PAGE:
Scars are like tattoos—they remind you of events.With this in mind, then my body certainly is a walking scrapbook of memories and moments.And while I do not recommend injuring your skin with ink or careless mishaps, I do savor the recollections.
Today, facing the mirror with tooth brush in hand, I am staring at my newest scar resulting from a visit to the dermatologist and the too many years in the sun without protection that led me there. But today I see beyond the scar tissue, I see summers spent swimming in my neighbor’s backyard pool.
The matriarch/lifeguard of this swimming pool was June Gale; we kids, of course, addressed her as Mrs. Gale. She was also known as Sherri, Rosemary and Bubba’s mom. (Norman, a.k.a. Bubba, hated that nick name, so of course I called him that even as an adult and especiallyin front of his fellow attorney friends.) In all those years I never remember Mrs. Gale in a swimsuit or even dipping her toes in the water; so King, their family’s German Shepherd, acted as assistant lifeguard. He loved to swim and push kids under water--this being his “sink or swim” method of pool safety. To avoid being King’s fetch toy I quickly learned the art of swimming.
I was eight years old when my family and I moved to Glenn Oaks Drive. The Gales lived just down the street. I don’t remember which of the kids I met first but most likely it was Sherri, since she was the closest to my age. Anyway somehow I was accepted into the “Pool Club” which was simply a bunch of kids that Mrs. Gale allowed to occupy her backyard and pool summer after summer.
I wish I could remember just how many hours we logged in that chlorinated water. Certainly enough time to rub my finger and toe tips raw from all of our climbing in and out the sides of the pool like little swimsuited reptiles. It was a badge of honor to never use the steps—that was for wussies. And at every single summer’s end my mom marched me to the doctor for this gooey ocular medication for my red and oozy eyes. Back then we never wore goggles and we never closed our eyes underwater—too much adventure under there. Sharks and mermaids lurked everywhere. Sunken treasures and creatures from the Black Lagoon surely hid somewhere in the shadows. And of course it was important to catch the mystery urinator. Every summer someone just had to hold that honor.
Being kids, we had boundless agility, energy and spunk. Each had their own “personal best” to achieve, a record to break. For some it was achieving the best canon ball dive which could (in theory) displace every drop of pool water. Others worked all summer to perfect the best backward flip (many minor head injuries—a wonder any of us survived). Then of course there was the high-diving competition. This required two things: first, for Mrs. Gale to not be present (same went for the backward flips) and secondly, it necessitated having no less than three lawn chairs stacked and an assistant to help you climb up and then dive into a mere 6 feet of water. Trick was to keep arms and hands ahead of your head; otherwise the pool bottom might prove problematic. Or, simply make sure to belly flop which would merely knock your breath out and send King in for his rescue attempt (this was not recommended).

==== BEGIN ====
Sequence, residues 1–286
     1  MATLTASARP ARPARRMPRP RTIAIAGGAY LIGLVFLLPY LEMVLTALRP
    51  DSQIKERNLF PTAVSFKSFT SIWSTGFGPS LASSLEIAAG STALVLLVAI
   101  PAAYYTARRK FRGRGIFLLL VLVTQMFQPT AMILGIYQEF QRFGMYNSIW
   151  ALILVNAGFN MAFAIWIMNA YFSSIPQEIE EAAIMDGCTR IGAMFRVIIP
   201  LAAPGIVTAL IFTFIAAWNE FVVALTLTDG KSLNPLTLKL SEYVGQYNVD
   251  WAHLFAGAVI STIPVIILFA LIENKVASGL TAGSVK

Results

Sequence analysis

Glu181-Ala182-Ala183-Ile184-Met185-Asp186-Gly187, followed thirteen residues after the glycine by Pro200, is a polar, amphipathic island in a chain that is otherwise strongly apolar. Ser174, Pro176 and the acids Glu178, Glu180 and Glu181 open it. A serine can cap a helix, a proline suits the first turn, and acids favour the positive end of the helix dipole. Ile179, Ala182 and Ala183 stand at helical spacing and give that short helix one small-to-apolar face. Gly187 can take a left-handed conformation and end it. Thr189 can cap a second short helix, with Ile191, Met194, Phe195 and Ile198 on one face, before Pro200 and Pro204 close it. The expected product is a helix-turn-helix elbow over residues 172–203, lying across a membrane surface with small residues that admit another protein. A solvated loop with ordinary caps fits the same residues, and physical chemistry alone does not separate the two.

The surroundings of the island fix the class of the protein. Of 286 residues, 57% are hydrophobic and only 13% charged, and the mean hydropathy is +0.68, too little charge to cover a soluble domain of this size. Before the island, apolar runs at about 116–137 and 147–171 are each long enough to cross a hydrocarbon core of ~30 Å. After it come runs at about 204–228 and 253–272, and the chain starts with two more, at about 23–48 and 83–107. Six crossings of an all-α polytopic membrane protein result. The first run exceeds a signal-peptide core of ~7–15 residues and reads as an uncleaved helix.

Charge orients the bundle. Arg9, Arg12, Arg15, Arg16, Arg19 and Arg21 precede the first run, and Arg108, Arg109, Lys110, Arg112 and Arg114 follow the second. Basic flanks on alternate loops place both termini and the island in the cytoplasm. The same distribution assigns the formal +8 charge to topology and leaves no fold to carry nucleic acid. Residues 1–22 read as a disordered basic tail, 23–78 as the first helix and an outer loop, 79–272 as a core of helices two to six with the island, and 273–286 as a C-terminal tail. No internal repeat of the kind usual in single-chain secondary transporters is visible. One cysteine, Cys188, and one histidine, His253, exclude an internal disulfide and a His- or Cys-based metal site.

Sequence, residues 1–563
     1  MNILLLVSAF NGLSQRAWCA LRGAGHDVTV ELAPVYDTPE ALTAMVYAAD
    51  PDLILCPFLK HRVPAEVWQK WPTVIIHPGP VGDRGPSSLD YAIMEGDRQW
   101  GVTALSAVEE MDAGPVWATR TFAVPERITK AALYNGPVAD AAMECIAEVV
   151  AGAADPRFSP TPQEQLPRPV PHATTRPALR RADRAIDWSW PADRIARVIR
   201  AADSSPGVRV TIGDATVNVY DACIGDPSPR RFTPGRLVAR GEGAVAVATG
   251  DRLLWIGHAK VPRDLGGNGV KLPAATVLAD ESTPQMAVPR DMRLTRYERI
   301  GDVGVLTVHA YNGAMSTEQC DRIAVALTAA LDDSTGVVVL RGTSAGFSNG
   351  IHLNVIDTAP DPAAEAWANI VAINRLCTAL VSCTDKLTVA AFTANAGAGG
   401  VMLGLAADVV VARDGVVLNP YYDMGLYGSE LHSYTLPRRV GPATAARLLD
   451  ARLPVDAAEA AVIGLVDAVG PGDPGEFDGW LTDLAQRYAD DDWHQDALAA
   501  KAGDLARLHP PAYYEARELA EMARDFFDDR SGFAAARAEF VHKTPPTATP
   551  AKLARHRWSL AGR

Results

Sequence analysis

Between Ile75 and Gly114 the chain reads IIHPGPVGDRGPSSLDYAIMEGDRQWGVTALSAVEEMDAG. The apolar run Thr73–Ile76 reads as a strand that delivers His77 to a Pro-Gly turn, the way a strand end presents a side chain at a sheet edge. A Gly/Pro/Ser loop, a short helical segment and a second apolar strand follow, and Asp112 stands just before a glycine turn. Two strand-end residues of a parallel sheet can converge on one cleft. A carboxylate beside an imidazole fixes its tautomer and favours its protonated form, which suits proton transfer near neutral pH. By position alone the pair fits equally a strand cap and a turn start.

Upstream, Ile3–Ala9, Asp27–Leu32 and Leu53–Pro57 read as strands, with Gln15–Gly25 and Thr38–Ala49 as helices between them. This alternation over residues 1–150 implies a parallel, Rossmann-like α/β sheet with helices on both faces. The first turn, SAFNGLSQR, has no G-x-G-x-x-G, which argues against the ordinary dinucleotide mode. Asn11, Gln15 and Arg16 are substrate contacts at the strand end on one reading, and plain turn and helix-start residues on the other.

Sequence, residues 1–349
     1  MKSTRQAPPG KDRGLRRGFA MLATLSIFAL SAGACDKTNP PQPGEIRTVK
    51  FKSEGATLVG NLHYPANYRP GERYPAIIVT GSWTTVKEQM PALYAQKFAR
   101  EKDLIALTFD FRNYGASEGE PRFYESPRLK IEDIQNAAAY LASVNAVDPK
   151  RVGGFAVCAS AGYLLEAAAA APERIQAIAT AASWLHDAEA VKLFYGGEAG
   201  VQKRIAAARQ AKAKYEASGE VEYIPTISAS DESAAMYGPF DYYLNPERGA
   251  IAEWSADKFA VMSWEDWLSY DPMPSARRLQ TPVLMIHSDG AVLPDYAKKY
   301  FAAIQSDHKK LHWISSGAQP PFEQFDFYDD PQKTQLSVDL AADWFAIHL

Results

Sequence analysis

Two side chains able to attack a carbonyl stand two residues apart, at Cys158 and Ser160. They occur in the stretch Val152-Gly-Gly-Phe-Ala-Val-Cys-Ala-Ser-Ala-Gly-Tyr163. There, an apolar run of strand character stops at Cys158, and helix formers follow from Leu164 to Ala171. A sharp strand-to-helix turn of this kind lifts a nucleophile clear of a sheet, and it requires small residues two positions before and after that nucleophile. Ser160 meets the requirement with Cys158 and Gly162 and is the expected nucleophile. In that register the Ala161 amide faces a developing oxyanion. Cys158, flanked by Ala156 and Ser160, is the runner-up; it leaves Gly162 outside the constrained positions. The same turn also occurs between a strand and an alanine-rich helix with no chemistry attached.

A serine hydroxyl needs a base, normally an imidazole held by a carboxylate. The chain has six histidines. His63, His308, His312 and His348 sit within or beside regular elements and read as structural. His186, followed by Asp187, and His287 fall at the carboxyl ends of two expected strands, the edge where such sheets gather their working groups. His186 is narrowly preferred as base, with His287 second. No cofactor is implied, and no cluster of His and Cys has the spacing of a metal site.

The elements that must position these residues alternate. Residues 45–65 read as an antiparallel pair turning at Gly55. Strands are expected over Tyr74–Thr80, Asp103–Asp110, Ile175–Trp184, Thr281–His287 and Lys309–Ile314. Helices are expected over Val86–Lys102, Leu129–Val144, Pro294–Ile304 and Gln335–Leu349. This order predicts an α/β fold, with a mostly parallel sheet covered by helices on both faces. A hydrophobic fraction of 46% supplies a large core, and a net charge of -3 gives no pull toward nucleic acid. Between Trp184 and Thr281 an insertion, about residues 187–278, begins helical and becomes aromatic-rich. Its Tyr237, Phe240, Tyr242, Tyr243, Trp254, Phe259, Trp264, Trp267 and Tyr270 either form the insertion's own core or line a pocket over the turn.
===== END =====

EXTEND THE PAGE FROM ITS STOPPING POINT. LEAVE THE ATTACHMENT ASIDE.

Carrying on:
My personal swimming goal was to break Johnny Weissmuller’s underwater record. You might remember Mr. Weissmuller as the quintessential Tarzan. He could swim easily for five minutes underwater with a single breath of air while he wrestled crocodiles and rescued Jane. Unbeknownst to us kids, he was an Olympic swimming medalist and had the magic of Hollywood to allow for super human feats. Nevertheless we had our own goals for underwater duration in-one-breath. It was to swim the length of the pool four times. This of course involved three turn-arounds aided by three push-offs and dodging King’s heroic efforts to save us. I would practice all school year by holding my breath and clocking my time to the large black and white clock above the blackboard. Needless to say I did well in this competition but not so good in school.
Not every moment was spent soaking up the sun or chasing dolphins beneath the pool’s surface. Rainy days we spent perfecting our story telling skills. Huddled together in the Gale’s garage we’d spin tales and when those were spent we’d reenact scenes from “My Fair Lady”. We’d sing off key and emote with great enthusiasm. If rain kept us from our dreams of becoming the next Jacques Cousteau or Ester Williams then Broadway surely would welcome us. Poor Mrs. Gale never caught a break—her respite from lifeguard duties merely cast her as our one woman audience. Our troupe of thespians and storytellers may have lacked great talents but Mrs. Gale never let on.
So many great memories and I am grateful that this foolish scar can give me something positive to see in the mirror each morning. However, my suggestion to other folks is to wear your sunscreen and capture those moments with a camera—much safer. Nevertheless, as I blink and face my reflection once more, I see a kid I once knew and she is still a part of me every time I dive into the waters of summer.